As if you didn’t see it coming, Mariah Carey’s "All I Want For Christmas Is You" has reached number one on the Billboard Global 200 chart.
The chart ranks top songs based on "streaming and/or sales activity from more than 200 territories around the world- including the U.S."
We’ll give you a moment to act surprised and sing along.
Last week, the popular song — which is becoming more of a holiday staple — peaked at number five on the chart.
Carey first released the song in 1994 as part of her holiday album, but the record didn’t become a number-one hit in the U.S. until 2019. The song details how Carey longs to be with her loved one for the holiday.
"It was kind of an accident," Carey told the L.A. Times about writing the song. "When I did that first Christmas album, ‘Merry Christmas,‘ it was pretty early in my career."
"But in this case, I was just sitting there, coming up with this melody, in a dark house with a Christmas tree," Carey said. She collaborated with record producer Walter Afanasieff to add the vocals and instruments.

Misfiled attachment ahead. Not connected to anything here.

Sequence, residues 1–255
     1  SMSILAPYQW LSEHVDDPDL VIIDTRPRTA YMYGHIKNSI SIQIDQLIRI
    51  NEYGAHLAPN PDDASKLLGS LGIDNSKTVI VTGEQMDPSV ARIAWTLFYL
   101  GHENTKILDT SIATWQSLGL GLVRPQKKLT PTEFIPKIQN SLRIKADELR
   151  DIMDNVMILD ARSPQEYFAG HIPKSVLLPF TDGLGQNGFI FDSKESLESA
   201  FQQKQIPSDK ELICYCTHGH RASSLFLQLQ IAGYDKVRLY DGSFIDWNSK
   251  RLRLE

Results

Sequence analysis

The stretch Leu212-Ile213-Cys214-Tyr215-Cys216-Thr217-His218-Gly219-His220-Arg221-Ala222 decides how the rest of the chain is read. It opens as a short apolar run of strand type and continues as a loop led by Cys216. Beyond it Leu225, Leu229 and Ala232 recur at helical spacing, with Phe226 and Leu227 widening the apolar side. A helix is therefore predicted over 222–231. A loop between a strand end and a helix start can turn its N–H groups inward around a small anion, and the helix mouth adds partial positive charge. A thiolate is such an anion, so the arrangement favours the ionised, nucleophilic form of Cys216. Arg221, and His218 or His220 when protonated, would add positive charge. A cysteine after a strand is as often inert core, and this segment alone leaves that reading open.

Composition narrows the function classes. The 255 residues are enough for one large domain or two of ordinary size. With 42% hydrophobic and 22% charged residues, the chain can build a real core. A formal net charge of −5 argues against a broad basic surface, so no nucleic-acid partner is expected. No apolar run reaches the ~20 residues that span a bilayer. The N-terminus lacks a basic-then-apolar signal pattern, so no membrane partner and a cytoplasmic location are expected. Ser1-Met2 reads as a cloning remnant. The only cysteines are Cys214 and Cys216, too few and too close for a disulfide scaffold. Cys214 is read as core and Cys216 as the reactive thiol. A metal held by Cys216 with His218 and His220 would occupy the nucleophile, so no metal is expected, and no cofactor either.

Carey said the song is a testament to how much she truly cherishes Christmas.
LOS ANGELES - DECEMBER 4: Mariah Carey performs "Oh Santa" from her 25th Anniversary album reissue of Merry Christmas during The Late Late Show with James Corden, airing Tuesday, December 17, 2019. (Photo by Terence Patrick/CBS via Getty Images)
"No matter what’s happening in the world, Christmas will never be canceled at my house," she said.
Carey was sued for copyright over the song earlier this year. The civil suit was filed by Andy Stone, who claimed to have co-written Carey’s hit "All I Want for Christmas is You" in 1989 and recorded it at the Masterphonics Studio 6 in Nashville, Tennessee.
Stone, whose stage name is "Vince Vance," filed a complaint against Carey, Walter Afanasieff and Sony Music Entertainment in the U.S. District Court of Eastern District of Louisiana.
According to court documents obtained by FOX Television Stations, Stone said Carey and her team never sought permission to use the song "in creating, reproducing, recording, distributing, selling, or publicly performing."
Stone sued for copyright infringement, unjust enrichment and misappropriation and violation of the Lanham Act, which governs trademarks.
Stone sought at least $20 million in damages. But several outlets reported that Stone dropped the lawsuit last month.
This story was reported from Los Angeles.